The Orange (3-5, 1-3 Atlantic Coast Conference) led the Tigers well into the third quarter before falling 16-6 in their first trip to a near sold-out Death Valley.
Syracuse was limited to 170 yards of offense by Clemson's defense, which came in ranked fifth nationally.
Shafer said he was proud of how his players stayed strong in a difficult environment. Still, he understood it's his job to win games and thrive in all situations.
''I apologize to the Syracuse faithful because we're going to get this thing right and we're going to beat these teams eventually,'' said Shafer, in his second season at Syracuse. ''We're just a little bit away right now, but we're going to get this thing right.''
They almost did against the Tigers, who struggled for a third consecutive game to put up points behind backup quarterback Cole Stoudt. The Orange intercepted Stoudt twice and forced a pair of fumbles, an unexpected pile of turnovers from a Tiger team that had only six of them through seven games.
Clemson took the lead for good on Ammon Lakip's third field goal - a 41-yarder in the third quarter. Cole Stoudt threw a 19-yard TD pass to tight end Stanton Seckinger. Then the Tigers put the game away, holding the ball for the final 8:17 to close out a 5-0 October after their first 1-2 start in 10 years.
''We keep finding ways,'' Clemson coach Dabo Swinney said. ''This is a battle-tested group. They're tough minded.''
Stoudt finished for 24 of 35 for 209 yards. He also had three of Clemson's four turnovers with two interceptions and a fumble.
''Hey, a win's a win,'' Stoudt said. ''There were some mistakes here and there, especially in the first half. In the locker room, we got challenged and we came out in the second half and made some plays.''
Stoudt was starting a second straight game for injured quarterback Deshaun Watson.
Lakip had kicks of 38, 18 and 41 yards.
Wayne Gallman finished with 101 yards, the first time a running back has cracked the 100-yard mark this season for the Tigers.
Stoudt hung tough in a Clemson victory for the second straight time after trailing in the second half. A week ago, Boston College led 13-10 before Stoudt led a touchdown drive for the 17-13 win.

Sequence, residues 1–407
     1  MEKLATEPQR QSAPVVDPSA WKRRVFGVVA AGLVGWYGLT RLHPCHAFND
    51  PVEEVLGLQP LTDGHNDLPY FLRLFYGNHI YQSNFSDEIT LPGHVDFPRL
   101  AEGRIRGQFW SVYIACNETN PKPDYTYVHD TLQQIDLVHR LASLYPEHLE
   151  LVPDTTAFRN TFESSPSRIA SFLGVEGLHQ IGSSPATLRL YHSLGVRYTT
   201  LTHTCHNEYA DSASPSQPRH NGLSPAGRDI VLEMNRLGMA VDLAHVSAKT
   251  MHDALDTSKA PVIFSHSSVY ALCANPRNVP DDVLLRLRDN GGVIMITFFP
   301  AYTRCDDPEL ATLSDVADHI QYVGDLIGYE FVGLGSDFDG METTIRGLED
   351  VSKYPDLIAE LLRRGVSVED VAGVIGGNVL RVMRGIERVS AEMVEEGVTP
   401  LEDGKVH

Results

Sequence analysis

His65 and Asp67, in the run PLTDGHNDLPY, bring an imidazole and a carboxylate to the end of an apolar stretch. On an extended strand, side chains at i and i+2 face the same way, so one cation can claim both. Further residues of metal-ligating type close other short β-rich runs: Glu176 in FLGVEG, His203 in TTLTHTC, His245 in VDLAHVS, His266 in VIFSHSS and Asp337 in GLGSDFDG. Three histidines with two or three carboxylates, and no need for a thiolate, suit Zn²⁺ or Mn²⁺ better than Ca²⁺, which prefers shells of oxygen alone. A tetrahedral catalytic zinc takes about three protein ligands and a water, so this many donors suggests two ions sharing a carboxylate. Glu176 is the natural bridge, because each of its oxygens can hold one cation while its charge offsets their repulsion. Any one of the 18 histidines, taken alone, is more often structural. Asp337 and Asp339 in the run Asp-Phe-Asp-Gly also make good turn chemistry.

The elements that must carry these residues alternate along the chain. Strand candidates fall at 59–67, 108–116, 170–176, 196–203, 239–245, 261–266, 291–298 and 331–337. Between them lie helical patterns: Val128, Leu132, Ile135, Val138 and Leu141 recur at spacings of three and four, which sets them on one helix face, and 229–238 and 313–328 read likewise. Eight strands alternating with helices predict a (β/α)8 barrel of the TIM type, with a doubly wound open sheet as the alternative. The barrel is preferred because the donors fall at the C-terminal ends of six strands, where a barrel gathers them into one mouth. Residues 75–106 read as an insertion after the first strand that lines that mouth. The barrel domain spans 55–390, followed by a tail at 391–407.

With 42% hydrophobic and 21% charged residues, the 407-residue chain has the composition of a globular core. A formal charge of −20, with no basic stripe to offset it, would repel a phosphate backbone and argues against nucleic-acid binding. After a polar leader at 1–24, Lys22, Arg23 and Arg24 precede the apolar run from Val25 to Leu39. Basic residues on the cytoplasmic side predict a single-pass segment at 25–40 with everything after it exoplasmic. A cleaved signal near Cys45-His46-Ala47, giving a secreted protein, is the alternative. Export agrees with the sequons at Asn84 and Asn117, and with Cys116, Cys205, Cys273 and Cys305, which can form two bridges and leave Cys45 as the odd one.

This time, he fought through a difficult three quarters before finally finding his footing. After Clemson moved in front on Lakip's final kick, Stoudt had a 17-yard pass to Mike Williams that move the Tigers to Syracuse 23. Two plays later, he found Seckinger.
Clemson iced the game with a final drive that lasted more than eight minutes to run out the clock.
''Mistakes happen. That's football,'' he said. ''I have a mentality of `Hey, let's go on to the next play.' You can't really do anything about the past.''
Syracuse freshman AJ Long, making his second career start, was sacked four times and held to 82 yards passing. Prince-Tyson Gulley ran for 80 yards, accounting for most of the rest of Syracuse's offense.
Syracuse has lost five of its past six games.
''I liked our toughness and resiliency throughout the course of a very difficult, physical football game,'' Shafer said.
This time, though, Clemson's offense continued its freefall without injured quarterback starter Watson. The Tigers, who averaged better than 500 yards a game, the previous two seasons, managed just 157 in the opening half and gave the ball away with two fumbles and an interception.
Two of the turnovers led to Syracuse points.
Clemson got the ball back one final time with 1:22 left when linebacker Dyshawn Davis stripped Stoudt of the ball on the Tigers 22. While Clemson's defense pushed the Orange back, Murphy added a career-long 50-yard field goal - Syracuse's longest kick in six years - for a 6-3 halftime lead.
The Tigers have only one less productive half, points-wise, in offensive coordinator Chad Morris' four seasons than they did against Syracuse - when they were shutout the second half of a 45-21 loss at Georgia on Aug. 30.
''This is a group that could use a week off,'' said Chad Morris, Clemson's offensive coordinator.
The Tigers have next week free before facing Wake Forest on Nov. 6